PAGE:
Another Tax Cut? Trump and Republicans Offer a Midterm Pitch, if Not a Plan

JERUSALEM — The 2017 Republican tax cuts have been a dud on the campaign trail ahead of the November midterm elections, so President Trump has come up with a new plan: more tax cuts.

In Nevada on Saturday, Mr. Trump said he and Republican lawmakers had been working on “a very major tax cut” for middle-income people that would be rolled out in the coming weeks.

There is no chance of such a plan passing even the House before the midterms, let alone the Senate, because Congress is in recess through the election. So the move appears to be an effort to give Republican voters a jolt of enthusiasm as the polls are opening — and perhaps an acknowledgment of how small a boost Mr. Trump’s signature tax bill seems to be giving Republicans in the battle to control Congress.

Steven Mnuchin, the Treasury secretary, said in an interview on Sunday that he had been working diligently with Representative Kevin Brady of Texas, the Republican chairman of the House Ways and Means Committee, to develop another tax plan that would be released “shortly.”

“This is specifically focused on the middle class and not beyond that,” Mr. Mnuchin said in Jerusalem on the first stop of his six-country Middle East trip.

Mr. Mnuchin said the president asked Treasury officials and Republican lawmakers to focus on developing a middle-class tax plan. But he could not offer details about which tax brackets might have lower rates or say if the package would include more generous deductions. Nor has anyone explained how — or whether — the plan would be financed or if it would again add to the nation’s ballooning deficit.

Last year’s $1.5 trillion tax cut is expected to add $1 trillion to the nation’s deficit, though Republican lawmakers continue to insist the tax bill will pay for itself with stronger economic growth.

The Treasury Department released figures last week showing that the federal budget deficit widened by 17 percent in the 2018 fiscal year, to $779 billion, despite a robust economy. Federal revenue fell considerably as a result of the tax cut, which slashed corporate and individual income tax rates.

Treasury Secretary Steven Mnuchin said he had been working on a tax cut plan with the chairman of the House Ways and Means Committee.CreditErin Schaff for The New York Times

Mr. Mnuchin said the effect that the size and timing of the additional cuts would have on the nation’s finances was being taken into consideration. That could mean that the administration would seek to offset the tax cuts with spending cuts, or by raising taxes on other groups of taxpayers.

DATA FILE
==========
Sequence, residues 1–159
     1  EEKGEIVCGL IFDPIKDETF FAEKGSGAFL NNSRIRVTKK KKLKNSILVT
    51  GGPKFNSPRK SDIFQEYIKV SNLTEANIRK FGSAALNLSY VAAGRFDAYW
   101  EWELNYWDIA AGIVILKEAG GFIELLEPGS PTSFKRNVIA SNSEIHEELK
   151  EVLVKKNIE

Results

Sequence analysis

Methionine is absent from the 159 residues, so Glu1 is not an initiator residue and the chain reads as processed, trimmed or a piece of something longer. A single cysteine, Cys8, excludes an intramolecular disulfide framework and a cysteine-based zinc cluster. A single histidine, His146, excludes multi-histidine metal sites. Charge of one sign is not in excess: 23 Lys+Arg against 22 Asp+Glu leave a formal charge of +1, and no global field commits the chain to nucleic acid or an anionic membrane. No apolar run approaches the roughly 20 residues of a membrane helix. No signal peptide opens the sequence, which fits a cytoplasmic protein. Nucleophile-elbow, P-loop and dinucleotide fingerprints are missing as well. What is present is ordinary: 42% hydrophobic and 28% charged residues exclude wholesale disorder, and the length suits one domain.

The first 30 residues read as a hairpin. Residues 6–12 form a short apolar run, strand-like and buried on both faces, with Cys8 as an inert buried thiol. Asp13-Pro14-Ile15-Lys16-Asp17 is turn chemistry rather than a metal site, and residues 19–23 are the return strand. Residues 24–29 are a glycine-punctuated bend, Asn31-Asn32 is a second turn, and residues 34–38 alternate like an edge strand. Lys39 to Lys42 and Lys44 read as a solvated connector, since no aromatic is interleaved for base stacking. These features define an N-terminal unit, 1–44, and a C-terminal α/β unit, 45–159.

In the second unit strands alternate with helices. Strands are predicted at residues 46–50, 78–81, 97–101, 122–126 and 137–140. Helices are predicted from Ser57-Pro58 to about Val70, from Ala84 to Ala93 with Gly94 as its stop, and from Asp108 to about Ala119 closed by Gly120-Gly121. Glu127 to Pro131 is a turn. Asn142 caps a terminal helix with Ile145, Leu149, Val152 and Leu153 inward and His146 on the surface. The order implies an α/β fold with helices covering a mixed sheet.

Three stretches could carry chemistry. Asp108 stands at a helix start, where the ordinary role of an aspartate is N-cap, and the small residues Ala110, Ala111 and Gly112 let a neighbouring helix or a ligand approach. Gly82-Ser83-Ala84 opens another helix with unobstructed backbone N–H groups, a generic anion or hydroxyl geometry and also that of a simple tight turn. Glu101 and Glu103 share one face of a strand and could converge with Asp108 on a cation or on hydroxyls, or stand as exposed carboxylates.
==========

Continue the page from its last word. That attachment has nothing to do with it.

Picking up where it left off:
However, Mr. Mnuchin reiterated his view that the tax cuts passed last year were not adding to the debt, explaining that they would pay for themselves as long as the current level of economic growth is sustained. There is no evidence thus far that the cuts are paying for themselves, even though growth has accelerated this year.

Mr. Mnuchin said the real driver of the debt was government spending, echoing Mr. Trump’s complaint that Democrats insisted on an increase in funding of domestic programs in exchange for approving more money for the military.

House Republicans have moved to extend last year’s individual tax cuts, which are set to expire in 2025, while the corporate tax cuts are permanent. The bill passed the House last month with little fanfare or effect on polling in key House races, and the legislation was dead on arrival in the Senate, where Republicans hold a razor-thin majority.

“This would be different than what the House had already passed,” Mr. Mnuchin said. “It’s in addition, it’s not instead of.”

The tax cuts Mr. Trump signed into law late last year include a sharp reduction in the corporate rate, to 21 percent from a high of 35 percent, along with cuts for other business owners and for individuals. Independent analyses show they are disproportionately helping high earners — particularly high-earning white Americans.

The Joint Committee on Taxation, Congress’ independent scorekeeper for tax cuts, predicts that Americans earning $100,000 a year or more will reap 75 percent of the savings from the cuts next year. If Congress allows the individual income tax cuts to expire as planned, the committee predicts that middle-class and low-income Americans will face tax increases in 2025, while high earners as a group continue to enjoy a tax cut.

Democrats have hammered the cuts as a giveaway to the wealthy, which is one reason the tax overhaul has not given Republicans the electoral benefits they expected.

After racing the cuts through Congress in two months last year, and passing them without a single Democratic vote in either chamber, Republicans insisted that the new law would buoy their prospects in the midterms. Polling and candidate messaging suggest that has not been the case.

Fewer than half of Americans approve of the law. Republicans favor it overwhelmingly, but Democrats largely oppose it, and independents dislike it more than they like it. On the campaign trail, Republican candidates have focused relatively little on the cuts, and more on issues that rally the conservative base, such as immigration.

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